Gun ownership should not be the VA's focus

Alaska Older Veterans Report

Just when you thought the VA couldn’t be more offensive, we find out they are denying veterans with traumatic brain injuries and/or post traumatic stress disorders (TBI/PTSD) of their Second Amendment rights. Yes, you read this correctly, veterans asking for help to recover from service connected injuries are being deemed a danger to themselves and others and unable to handle their affairs by an unelected, appointed VA bureaucrat working for the very government agency founded to help them “re-integrate” back into peacetime civilian life.

While the vast majority of senior managers at the VA are receiving performance bonuses for a “job well done,” waiting lists disappear and veterans die. This practice is not limited to TBI/PTSD but is applied to older vets with injuries that has left them unable to write or walk and may be in need of some assistance.

Some helpful smiling clerk takes down all of the information needed to start the benefits you have earned, and disappears. In a couple of weeks, you get your much anticipated letter from the VA. Instead of the dates and amounts of your benefits you thought was contained in the letter, you find out the VA has submitted your name to the Bureau of Alcohol, Tobacco, Firearms and Explosives’ NICS. (Hint: the C stands for Criminal.)

So, just to be fair, I have researched the available databases for some area in which the VA excels and have found one. The VA leads the nation in reporting names (veterans) to the ATF’s National Instant Criminal Background Check System (NICS) which brands a veteran as a criminal for owning, buying or transporting a firearm to include ammo. You are a hero one minute and a criminal the next after your visit to the VA. The VA as of August 2011 accounted for 98 percentage of NICS submissions. With the help of the VA, veterans now account for 11 percent of all Americans on the ATF’s prohibited list of citizens with mental health issues. I bet that exceeds accepted job performance standards.

While terrorists are being read their rights, given legal consul and health care better than our vets, injured American veterans are being denied one of their civil rights without any adjudication process. After this mental health professional decides a vet is a danger to society, it’s up to the vet to prove otherwise by obtaining a letter from a doctor. Yes, your primary health care provider that works for the same VA as the clerk that put you on the list now has to take you off the list. But wait, you need psychological evaluation services first, which has a backlog (i.e. a waiting list). See the problem? Are you old enough to remember Catch 22?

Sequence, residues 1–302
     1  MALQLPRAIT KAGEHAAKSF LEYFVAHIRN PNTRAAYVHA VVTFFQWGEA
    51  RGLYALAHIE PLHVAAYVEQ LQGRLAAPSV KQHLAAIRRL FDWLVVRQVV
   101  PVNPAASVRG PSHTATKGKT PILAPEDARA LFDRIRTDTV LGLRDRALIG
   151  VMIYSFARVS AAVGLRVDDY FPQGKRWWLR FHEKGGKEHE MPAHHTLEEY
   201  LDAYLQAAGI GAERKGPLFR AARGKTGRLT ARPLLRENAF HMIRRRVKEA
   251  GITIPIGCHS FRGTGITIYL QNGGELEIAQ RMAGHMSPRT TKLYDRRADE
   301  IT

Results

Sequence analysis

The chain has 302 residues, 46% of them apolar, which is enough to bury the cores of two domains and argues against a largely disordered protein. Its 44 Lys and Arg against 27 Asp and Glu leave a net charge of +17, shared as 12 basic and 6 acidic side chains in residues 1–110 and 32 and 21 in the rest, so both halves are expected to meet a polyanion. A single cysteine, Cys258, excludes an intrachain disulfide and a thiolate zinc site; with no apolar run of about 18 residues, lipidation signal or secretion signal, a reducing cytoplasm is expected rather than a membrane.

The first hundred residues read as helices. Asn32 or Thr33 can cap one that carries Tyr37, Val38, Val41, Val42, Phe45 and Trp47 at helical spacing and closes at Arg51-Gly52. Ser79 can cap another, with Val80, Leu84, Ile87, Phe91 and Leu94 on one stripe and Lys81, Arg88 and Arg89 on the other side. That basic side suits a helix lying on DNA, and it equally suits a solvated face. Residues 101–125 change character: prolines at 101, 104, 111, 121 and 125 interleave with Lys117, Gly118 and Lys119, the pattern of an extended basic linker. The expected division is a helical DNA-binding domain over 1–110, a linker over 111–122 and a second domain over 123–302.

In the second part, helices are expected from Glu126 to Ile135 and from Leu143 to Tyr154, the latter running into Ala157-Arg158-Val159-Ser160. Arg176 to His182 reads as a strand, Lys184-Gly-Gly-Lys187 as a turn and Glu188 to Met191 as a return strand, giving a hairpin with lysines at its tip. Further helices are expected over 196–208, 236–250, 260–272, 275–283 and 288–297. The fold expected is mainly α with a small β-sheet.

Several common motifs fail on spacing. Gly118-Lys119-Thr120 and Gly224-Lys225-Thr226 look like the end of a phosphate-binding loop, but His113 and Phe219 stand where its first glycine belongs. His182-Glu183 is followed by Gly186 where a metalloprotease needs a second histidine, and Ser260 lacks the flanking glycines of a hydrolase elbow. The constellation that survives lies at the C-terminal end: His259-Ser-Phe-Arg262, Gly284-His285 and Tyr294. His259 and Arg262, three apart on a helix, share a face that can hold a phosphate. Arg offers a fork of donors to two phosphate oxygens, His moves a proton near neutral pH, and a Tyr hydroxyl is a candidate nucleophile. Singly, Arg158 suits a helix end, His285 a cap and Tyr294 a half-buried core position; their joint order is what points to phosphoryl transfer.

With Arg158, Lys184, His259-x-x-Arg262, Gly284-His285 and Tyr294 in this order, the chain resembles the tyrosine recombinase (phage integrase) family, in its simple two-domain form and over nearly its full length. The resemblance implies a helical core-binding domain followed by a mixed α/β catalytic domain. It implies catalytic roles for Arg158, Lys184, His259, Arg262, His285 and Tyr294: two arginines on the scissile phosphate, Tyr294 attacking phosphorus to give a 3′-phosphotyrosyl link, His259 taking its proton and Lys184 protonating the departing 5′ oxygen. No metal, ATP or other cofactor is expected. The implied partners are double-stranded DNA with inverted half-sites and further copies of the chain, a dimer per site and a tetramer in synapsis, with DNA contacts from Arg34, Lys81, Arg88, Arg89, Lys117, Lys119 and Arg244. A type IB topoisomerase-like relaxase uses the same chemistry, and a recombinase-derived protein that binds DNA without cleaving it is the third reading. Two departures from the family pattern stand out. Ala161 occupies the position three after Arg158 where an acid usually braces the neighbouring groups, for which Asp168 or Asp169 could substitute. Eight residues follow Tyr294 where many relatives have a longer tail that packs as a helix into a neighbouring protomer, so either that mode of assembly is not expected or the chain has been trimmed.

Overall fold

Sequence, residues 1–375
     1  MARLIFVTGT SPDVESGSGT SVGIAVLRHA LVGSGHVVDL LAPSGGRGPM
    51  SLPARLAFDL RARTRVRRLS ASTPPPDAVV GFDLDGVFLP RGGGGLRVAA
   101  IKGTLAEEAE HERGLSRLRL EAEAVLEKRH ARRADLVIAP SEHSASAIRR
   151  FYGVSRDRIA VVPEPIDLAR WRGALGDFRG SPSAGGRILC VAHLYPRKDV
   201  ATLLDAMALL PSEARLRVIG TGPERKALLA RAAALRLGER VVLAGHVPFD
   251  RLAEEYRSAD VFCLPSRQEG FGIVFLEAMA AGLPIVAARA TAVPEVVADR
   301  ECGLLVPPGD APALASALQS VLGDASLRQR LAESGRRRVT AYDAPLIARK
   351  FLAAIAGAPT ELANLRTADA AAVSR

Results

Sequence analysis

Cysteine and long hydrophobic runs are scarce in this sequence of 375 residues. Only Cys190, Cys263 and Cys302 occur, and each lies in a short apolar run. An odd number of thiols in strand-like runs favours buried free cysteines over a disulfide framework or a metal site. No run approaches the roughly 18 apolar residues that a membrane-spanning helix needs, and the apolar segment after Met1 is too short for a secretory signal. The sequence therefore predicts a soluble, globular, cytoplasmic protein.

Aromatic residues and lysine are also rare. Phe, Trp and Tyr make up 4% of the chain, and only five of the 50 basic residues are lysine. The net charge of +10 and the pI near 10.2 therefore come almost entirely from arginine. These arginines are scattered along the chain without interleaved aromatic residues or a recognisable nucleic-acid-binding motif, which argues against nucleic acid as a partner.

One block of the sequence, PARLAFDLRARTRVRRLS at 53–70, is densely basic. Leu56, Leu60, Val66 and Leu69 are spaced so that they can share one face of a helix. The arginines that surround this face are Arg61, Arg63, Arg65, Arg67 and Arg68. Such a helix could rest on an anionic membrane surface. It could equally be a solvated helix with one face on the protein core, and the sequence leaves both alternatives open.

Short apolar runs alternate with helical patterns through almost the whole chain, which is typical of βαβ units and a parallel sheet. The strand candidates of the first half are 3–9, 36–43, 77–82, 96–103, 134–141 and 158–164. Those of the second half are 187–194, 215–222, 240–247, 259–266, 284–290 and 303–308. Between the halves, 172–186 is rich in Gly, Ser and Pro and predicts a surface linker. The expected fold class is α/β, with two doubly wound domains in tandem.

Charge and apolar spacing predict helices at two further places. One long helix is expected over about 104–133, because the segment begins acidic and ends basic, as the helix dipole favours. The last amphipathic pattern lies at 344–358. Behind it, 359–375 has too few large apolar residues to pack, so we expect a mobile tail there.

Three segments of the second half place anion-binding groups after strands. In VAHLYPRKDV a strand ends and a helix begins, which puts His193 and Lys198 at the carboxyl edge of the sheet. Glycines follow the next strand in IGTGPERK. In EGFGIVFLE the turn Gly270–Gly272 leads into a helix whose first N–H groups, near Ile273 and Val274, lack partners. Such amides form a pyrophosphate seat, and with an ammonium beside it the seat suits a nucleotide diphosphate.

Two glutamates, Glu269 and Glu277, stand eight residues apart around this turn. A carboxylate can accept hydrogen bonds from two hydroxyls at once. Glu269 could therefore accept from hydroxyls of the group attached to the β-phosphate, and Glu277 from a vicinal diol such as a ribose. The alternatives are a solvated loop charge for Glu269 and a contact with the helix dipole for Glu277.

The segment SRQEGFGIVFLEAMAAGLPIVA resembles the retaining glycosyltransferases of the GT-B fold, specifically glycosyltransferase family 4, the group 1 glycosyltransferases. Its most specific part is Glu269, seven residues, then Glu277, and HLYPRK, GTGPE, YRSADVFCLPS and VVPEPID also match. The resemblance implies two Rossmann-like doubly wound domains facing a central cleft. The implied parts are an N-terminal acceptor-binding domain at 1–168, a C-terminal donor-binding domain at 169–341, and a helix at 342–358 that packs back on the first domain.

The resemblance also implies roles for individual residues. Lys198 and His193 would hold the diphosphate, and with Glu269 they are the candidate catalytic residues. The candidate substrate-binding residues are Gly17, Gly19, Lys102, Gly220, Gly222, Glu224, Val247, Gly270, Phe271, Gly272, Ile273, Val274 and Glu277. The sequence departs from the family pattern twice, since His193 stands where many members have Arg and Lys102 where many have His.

The veteran is left with an untenable decision: do I need the VA services and pension more than my Second Amendment rights or not? This is soft tyranny at its worst and should not be tolerated. Veterans are not commodities to be used for political nefarious intentions but citizens who have volunteered to defend our country in a time of national need. The progressives have learned their lesson in the aftermath of Vietnam, which was not to spit on vets anymore. Passive aggressive methods are much better and harder to detect until the damage has been done.

A society that allows our borders to be overrun by drug cartel gang members with no redeeming social values and then allowed to disappear into our communities while at the very same time intentionally denying our veterans basic civil rights is a national disgrace.

It’s time for veterans to stand up and tell the elected officials veterans are not some prop for photo opportunities at Fourth of July parades, but are some of the best and brightest individuals this country has ever produced.

I have seen political ads for years about what our elected officials have done for this vet or that vet in their time of need. If I personally needed a problem fixed, I would not hesitate to use them. But the bigger question is why I should have to get my Senator or U.S. Representative involved in a problem that is systemic in nature and has been ubiquitous since the 1960s. The nature of employment at the VA and other federal agencies seems to be something that needs visiting.

Oh, if we only had a “Blue Ribbon Committee” comprised of retired federal workers who would convene in our capital for only expenses and per diem, we could solve this problem rather quickly.

Fix it and fix it now.

Mike Dryden is a retired Army Major and current board member of Older Persons Action Group, Inc.

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